Indiana Gov. Mike Pence's office has announced that Indiana will not recognize the marriages of gay and lesbian couples performed last month in the state.

On June 25, U.S. District Judge Richard Young struck down Indiana's marriage ban, which led to a rush of gay couples to marry at county clerks offices. The weddings came to a halt on June 27, when an appeals court stayed Young's ruling pending an appeal.

Mark G. Ahearn, chief counsel, outlined the administration's position in a memo dated July 7 to all executive branches.

“To ensure that the state respects the rule of law, executive branch agencies are instructed to comply with the 7th Circuit Order issued on June 27, 2014, which stays the U.S. District Court Order issued on June 25, 2014,” the memo reads. “Accordingly, Indiana's [marriage ban] is in full force and effect and executive branch agencies are to execute their functions as though the U.S. District Court Order of June 25, 2014 had not been issued.”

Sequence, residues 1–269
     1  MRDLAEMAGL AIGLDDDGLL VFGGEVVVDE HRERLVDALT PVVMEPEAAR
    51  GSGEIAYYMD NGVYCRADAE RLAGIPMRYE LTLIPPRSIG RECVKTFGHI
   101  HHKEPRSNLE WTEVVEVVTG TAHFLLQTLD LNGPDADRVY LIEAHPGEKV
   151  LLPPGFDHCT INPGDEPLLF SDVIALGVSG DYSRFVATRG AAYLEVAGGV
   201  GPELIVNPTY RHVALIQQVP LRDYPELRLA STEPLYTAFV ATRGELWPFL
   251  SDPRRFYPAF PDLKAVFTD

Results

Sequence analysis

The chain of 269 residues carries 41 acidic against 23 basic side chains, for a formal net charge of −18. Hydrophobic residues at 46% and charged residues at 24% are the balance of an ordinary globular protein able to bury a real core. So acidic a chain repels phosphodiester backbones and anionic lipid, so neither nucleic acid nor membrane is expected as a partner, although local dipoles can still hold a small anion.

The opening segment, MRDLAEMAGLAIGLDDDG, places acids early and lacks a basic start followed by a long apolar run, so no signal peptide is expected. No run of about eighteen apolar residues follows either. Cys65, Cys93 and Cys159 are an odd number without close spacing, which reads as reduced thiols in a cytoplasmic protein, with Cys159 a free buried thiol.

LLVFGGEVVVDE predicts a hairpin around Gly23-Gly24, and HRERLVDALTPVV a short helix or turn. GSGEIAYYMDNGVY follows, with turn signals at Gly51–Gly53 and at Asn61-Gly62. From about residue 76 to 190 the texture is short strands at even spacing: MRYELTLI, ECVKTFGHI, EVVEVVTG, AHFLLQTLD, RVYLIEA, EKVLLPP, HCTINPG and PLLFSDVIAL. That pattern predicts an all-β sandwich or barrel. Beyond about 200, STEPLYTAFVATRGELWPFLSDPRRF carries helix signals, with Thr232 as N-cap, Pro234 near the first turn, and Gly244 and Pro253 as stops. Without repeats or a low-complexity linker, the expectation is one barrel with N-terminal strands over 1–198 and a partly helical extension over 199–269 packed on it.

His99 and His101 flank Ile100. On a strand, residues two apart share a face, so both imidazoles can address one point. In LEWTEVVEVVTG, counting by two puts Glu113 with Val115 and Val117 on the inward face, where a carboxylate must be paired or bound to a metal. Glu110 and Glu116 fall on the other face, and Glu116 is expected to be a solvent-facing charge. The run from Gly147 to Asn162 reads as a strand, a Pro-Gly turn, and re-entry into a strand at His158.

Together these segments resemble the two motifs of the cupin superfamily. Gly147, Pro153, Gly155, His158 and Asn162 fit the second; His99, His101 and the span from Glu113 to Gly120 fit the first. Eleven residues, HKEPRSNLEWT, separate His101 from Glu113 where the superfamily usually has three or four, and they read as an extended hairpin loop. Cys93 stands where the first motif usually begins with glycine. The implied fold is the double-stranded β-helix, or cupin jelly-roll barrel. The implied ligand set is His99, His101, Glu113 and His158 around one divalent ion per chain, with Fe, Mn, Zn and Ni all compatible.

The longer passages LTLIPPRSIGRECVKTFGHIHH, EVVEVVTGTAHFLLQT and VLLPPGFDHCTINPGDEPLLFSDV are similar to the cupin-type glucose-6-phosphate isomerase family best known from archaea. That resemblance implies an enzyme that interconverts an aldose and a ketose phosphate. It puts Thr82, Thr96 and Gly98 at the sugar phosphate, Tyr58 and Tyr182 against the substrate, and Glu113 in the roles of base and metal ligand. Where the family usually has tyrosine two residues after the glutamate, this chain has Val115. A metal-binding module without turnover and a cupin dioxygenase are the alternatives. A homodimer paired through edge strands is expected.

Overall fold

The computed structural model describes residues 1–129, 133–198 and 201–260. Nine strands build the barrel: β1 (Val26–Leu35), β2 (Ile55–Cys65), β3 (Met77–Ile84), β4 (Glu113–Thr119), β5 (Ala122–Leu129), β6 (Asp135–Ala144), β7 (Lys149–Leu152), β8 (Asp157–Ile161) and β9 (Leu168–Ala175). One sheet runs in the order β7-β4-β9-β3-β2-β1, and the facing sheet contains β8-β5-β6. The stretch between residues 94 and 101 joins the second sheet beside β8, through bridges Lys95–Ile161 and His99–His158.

John Zody, the chair of Indiana's Democratic Party, criticized the move.

“Governor Pence is embarrassing our state by ignoring these families, creating an unwelcome environment for those who want to call Indiana home,” he said in a statement. “No Hoosier should be treated as a second-class citizen.”

Ahearn added that the state will recognize the marriage of a terminally ill lesbian, as ordered by the 7th Circuit Court of Appeals in Chicago.

(Related: Appeals court orders Indiana to recognize marriage of terminally ill lesbian.)